Reading time 4 mins
Review: THIS IS WHERE IT ENDS by Marieke NijkampThis Is Where It Ends by Marieke Nijkamp
Published by Sourcebooks Fire on January 5th 2016
Pages: 288
Genres: Young Adult, Action & Adventure, Survival Stories, Social Issues, Violence, Bullying
eARC provided by Sourcebooks Fire

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10:00 a.m. The principal of Opportunity, Alabama's high school finishes her speech, welcoming the entire student body to a new semester and encouraging them to excel and achieve.
10:02 a.m. The students get up to leave the auditorium for their next class.
10:03 The auditorium doors won't open.
10:05 Someone startsshooting.
Told over the span of 54 harrowing minutes from four different perspectives, terror reigns as one student's calculated revenge turns into the ultimate game of survival.

So this book took on some tough topics. Bullying, violence in schools, mass shootings, death of children, sibling rivalry, and child abuse, just to name a few. The story had 4 different POVs and the action started pretty early in the story. The story takes place over just 54 minutes of these people’s lives. It should be a wild ride. It should have had me in tears or at least evoked a little bit of angst. It didn’t.

The problems for me were many in the reading of this story. Let’s talk about them one by one.

First, there were too many POVs. I felt like we didn’t spend enough time with any one character to care enough about them. Also, I felt like all of the characters were pretty flat. They had their own little stories but all their voices were the same. They were all trying to do the right thing. Their thoughts were so clear in the face of danger. The author described crying in the background, but all of our characters were brave in the face of fear. Not one of our main characters cried or pissed themselves during this altercation. Really?

The “bad guy” was so evil. He was also one of the most boring. I can’t remember the last time I was so bored learning about a criminal. Lots of kids live through bad stuff, not all of them go and shoot their classmates. Nothing In Tyler’s story stood out as something that would have lead me to that conclusion. Also, most school shooters aren’t also attention whores. This guy had these kids rapt attention for almost an hour while he talked about how this is all their fault. That takes a certain amount of bravery on the part of the shooter. It actually made me think of movies where the bad guy reveals all of his tricks and reasons right before he kills the good guy. It was poorly done. Mass shootings usually don’t give people time to think and analyze during the event, that is part of what makes them so tragic.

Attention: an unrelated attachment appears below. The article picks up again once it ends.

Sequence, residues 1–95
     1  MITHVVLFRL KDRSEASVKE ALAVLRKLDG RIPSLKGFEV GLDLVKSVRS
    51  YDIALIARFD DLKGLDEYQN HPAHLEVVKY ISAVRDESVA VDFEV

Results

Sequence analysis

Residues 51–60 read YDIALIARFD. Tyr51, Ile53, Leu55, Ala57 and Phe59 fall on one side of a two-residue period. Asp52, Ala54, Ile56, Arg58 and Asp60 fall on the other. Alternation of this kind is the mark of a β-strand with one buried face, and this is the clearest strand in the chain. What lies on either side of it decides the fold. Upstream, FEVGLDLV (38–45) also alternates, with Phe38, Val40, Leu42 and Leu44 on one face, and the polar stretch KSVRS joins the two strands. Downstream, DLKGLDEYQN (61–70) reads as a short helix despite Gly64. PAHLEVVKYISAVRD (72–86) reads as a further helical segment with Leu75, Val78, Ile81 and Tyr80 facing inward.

Too much diversity, and it wasn’t done well. I think there comes a point when any sort of quirk can be called diverse, so if everyone in the story is from a different background or not heterosexual then I am gonna start to wonder what even makes these people diverse. They were all so diverse. It felt forced. Hey, I am all for diversity, but this was too much. View Spoiler » FYI, I don’t need my diversity spoon fed to me.

The topic of this story was TOO BIG for the story itself. You can’t use something like school shootings as a subject and keep everything so plastic. There was no evidence of how these kids actually interacted with each other or how much potential they really had before this tragedy take place. The whole story is told in terms of what will never be, without actually evoking any bit of sympathy from the reader.

Too much social media. I get that everyone is tweeting and texting and instagraming pictures, but this did not add to the story. I skipped right over all that shit, because it added nothing to the story. The media trying to get interviews while the shooter was still there didn’t add anything either.

This is not how a mass shooting should be talked about. This story should open up dialogue about the state of affairs today. This story did not do anything for conversation. I didn’t even feel anything for the kids that got killed in this story. Why? Because the author didn’t bother to tell me about them until after they were dead, and I hate info dumps in a story.

I know this story got lots of love from readers early on, but I mostly hated this book.

My Rating



About Marieke Nijkamp

Marieke Nijkamp was born and raised in the Netherlands. A lifelong student of stories, language, and ideas, she is more or less proficient in about a dozen languages and holds degrees in philosophy, history, and medieval studies. She is a storyteller, dreamer, globe-trotter, geek. Her debut young adult novel This Is Where It Ends, a contemporary story that follows four teens over the course of the fifty-four minutes of a school shooting, is published by Sourcebooks Fire.

She is the founder of DiversifYA as well as founding member and advisor of We Need Diverse Books.

I received this product free of charge in exchange for an honest review. This post contains affiliate links. This review is in compliance with the FTC guidelines.

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